By Roberto Samora and Julia Symmes Cobb and Marcelo Teixeira
SAO PAULO / BOGOTÁ / NEW YORK (Reuters) - South American coffee producers may experience delays in the harvest this year and limit the number of workers employed in the sector as the coronavirus pandemic continues to spread, which threatens reduce the production of Arabica grains, of higher quality and export-oriented.
The pandemic has already killed more than 250,000 people and has severely impacted food production worldwide. Meat processing plants where outbreaks of the virus have been reported are closed, truck drivers have slowed delivery for fear of infection and farmers are destroying crops that will not be able to be taken to consumers.
Harvesting is the most labor-intensive stage in coffee production. Colombia and Brazil, which produce 65% of the world's Arabica coffee, a "premium" variety, will need 1.25 million people for the jobs, according to producer associations. These countries, along with Peru and Ecuador, depend on temporary employees for fieldwork.
But producers, coffee dealers and importers in the main consuming countries are concerned because the virus has not yet reached its peak in Brazil or Colombia, which makes gathering workers for the harvest a potential risk of worsening the epidemic.
The President of Brazil, Jair Bolsonaro, has minimized the risks of the virus, criticizing restrictions on movement in the region and pressing for the reopening of business even with the country already registering more than 135 thousand cases and more than 10,000 deaths, the worst numbers for a emergent country.
Specialty coffee dealers Caravela Coffee conducted a telephone survey of hundreds of associate producers in Peru, Ecuador and Colombia in late April. Most of them said they expected difficulties in hiring workers. They also projected possible losses of up to 10% in Arabica coffee production.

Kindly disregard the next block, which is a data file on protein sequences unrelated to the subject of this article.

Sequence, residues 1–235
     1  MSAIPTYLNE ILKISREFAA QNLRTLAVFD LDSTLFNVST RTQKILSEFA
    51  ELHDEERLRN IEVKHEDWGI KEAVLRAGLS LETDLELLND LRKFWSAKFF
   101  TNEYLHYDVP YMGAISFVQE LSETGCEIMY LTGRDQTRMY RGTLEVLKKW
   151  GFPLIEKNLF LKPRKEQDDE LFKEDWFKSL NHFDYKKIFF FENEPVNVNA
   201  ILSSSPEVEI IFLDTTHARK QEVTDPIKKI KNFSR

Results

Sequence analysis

Specialty coffee brands like Starbucks, Nestle's Nespresso, and Italian Illycaffe, prefer washed Arabica beans, while robusta coffee, produced mainly in Vietnam, is generally used for instant coffee.
The robusta crop has ended, while the arabica harvest is just beginning in South America.
In Brazil and Colombia, local governments have exempted some workers from restrictions so as not to impact food production, including in the coffee and port sectors.
Producers in Brazil say they are considering hiring fewer people and gradually harvesting. Many told Reuters they considered delaying the harvest because of concerns about the virus.
"I'm going to start with less people than normal, we can go slower at the beginning," said producer Paulo Armelin, from Minas Gerais, a regular supplier for Italian Illy.
Some authorities even asked producers to postpone the harvest for at least a month, which is not desirable if they want to pick the coffee cherries - the fruit that contains the beans - when ripe, an aspect valued for the quality of the arabica.
A later harvest, when the beans are dry, still produces good coffee, but not at the level of export quality sought by the main roasters.
"It has been difficult to find protective equipment. We are going to start harvesting, but if people start to get sick we will stop and resume later," said producer Thiago Motta, owner of the Jatobá farm, in the Cerrado region of Minas Gerais.
SMALL COLOMBIAN FARMS
In Colombia, where farms are smaller and in mountainous areas, harvesting is mainly manual and demands a lot of people in coffee plantations. Most producers are family members and call on neighbors to help, which could reduce the need to bring in people from other regions.
Colombia has registered less than 10,000 cases of coronavirus, but has not yet carried out mass tests.
The Colombian coffee industry federation said temporary workers must still be needed for much of the harvest. Moving and sheltering around 150,000 workers in adequate hygiene conditions due to the virus will be difficult for producers, as well as ensuring that coffee will be processed and shipped on time.
In April, Colombian coffee exports fell 32% year-on-year due to restrictions in force.
Jhon Espitia, who comes from a family of coffee producers in Tolima, in central Colombia, said that government guidelines on how to harvest under current conditions were unclear.
"It is a worrying situation because in some areas the harvest has already started and in 13, 20, 30 days it will be at full pace," he said.
Transport can also be a problem, since there has been a reduction in the availability of truck drivers - some drivers prefer to stay at home to avoid the risk of contagion. The movement of trucks between cities could also increase risks.
The CEO of American roaster Dean's Beans, Dean Cycon, said that in his conversations with suppliers in Latin America, transportation is the main concern.
"We could see operations slowing down at ports, or problems with trucks picking up coffee from farms," ​​he said.
GLOBAL COFFEE PRODUCTION (mi sacas)
ARABIC PRODUCTION BY ORIGIN
« Back to index